Does 'no' mean 'no' for census workers?
FARGO - They might park on your street and wait for you to arrive home. They might ask your neighbors about your daily routine. Or they might get your cellphone number and call you directly.
For U.S. Census Bureau interviewers, the biggest challenge isn't persuading people to fill out surveys - it's tracking them down so they can be asked to participate.
"The hardest part is just finding somebody," said Tim Olson, a former census field representative who became the bureau's first-ever respondent advocate in April.
A Fargo-based census worker who recently quit her position after filing formal complaints against the bureau with two different federal agencies said field reps are facing undue pressure to complete surveys, even if it means harassing potential respondents and returning to homes where people were hostile or threatening.
"Now, 'no' doesn't mean 'no.' 'No' means I'll be back in half an hour knocking on your door," said Sally Stutlien.
In letters to The Forum newspaper and U.S. Rep. Kevin Cramer, R-N.D., Stutlien wrote that a "shocking amount" of taxpayer dollars is spent doing "stakeouts" outside homes and repeatedly calling and going back to households after residents declined to participate.
"It amounts to government-sanctioned stalking!" she wrote.
Olson, whose job is to look out for the interests of people taking census surveys and represent their concerns, said "there can be the perception of harassment" when it comes to things like asking neighbors for help.
"Well, that's what you do when you want to find somebody. You don't put yourself in a vacuum. You're on the sidewalk and somebody goes by, and you might just ask that gentle, nimble question, 'Do you know when this person here might be home that I could find them?'' " he said. "And that's one of the reasons we get good response rates, and that's another reason we can put out that data that is pretty much trusted by a lot of people."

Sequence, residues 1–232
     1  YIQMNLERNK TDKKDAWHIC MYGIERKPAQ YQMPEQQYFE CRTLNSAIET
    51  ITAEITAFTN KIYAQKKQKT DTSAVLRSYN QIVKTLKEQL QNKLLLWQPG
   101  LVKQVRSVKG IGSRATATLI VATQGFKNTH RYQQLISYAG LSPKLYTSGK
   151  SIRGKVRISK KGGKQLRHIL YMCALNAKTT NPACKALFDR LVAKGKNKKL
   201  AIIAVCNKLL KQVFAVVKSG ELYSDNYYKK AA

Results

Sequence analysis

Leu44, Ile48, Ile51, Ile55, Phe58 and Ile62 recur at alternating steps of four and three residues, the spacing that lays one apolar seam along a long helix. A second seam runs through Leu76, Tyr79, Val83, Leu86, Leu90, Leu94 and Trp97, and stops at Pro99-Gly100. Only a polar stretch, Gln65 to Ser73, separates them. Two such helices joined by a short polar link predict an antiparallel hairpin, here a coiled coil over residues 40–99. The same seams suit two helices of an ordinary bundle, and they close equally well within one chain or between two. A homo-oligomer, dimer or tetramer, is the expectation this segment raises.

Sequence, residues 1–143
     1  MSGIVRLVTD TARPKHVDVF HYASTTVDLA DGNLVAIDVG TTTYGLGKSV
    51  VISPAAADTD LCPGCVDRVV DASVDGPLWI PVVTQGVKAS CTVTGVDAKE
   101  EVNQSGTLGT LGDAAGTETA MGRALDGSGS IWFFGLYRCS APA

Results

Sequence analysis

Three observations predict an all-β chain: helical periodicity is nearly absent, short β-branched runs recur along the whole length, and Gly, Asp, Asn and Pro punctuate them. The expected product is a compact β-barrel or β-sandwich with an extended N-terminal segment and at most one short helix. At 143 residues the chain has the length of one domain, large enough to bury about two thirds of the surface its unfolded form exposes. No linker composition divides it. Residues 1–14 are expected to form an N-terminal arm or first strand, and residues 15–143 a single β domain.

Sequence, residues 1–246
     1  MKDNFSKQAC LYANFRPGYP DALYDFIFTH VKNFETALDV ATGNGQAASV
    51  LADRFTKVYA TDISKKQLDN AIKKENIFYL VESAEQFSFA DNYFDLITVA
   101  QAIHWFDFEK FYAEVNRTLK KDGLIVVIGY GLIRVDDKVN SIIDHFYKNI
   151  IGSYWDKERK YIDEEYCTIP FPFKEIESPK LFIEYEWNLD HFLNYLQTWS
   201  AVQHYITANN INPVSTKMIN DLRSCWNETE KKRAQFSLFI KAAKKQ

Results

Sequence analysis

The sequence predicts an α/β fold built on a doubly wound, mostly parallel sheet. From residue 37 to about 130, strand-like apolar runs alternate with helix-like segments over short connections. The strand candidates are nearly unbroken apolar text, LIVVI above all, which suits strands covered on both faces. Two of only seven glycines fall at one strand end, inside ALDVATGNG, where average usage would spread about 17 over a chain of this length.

The Census Bureau annually conducts more than 100 different household surveys, some by mail, some by phone and many of which are completed online, Olson said.
The decennial census and the continuous American Community Survey, or ACS, are the only census surveys households are required by law to complete.
The bureau contacts about 3.5 million households per year to participate in the community survey. The survey generates data that help determine how more than $400 billion in federal and state funds are distributed annually to program areas including law enforcement, health, education and transportation. Local communities also rely on the data when making decisions about roads, schools and other infrastructure, and businesses use it as well.
"Without the American Community Survey, we'd have a hard time quantifying and telling the story of what's happening in North Dakota right now," Olson said, referring especially to the changes occurring in the western half of the state.
Despite the importance of the community survey and other census surveys, Olson said the average person is unaware the Census Bureau conducts surveys on an ongoing basis, not just every 10 years.
"The biggest question is, 'Why are you at my door?' " he said.
Katie Mertens, 24, said she had moved from Fargo back to her hometown of Devils Lake in 2011 when she received two community survey packets in the mail in late spring or early summer. Mertens said she had never heard of the mandatory survey, "so I just kind of threw it away like junk mail."
After Mertens told the census worker she wasn't interested in participating and asked the worker not to contact her, the worker "basically stalked me," Mertens said.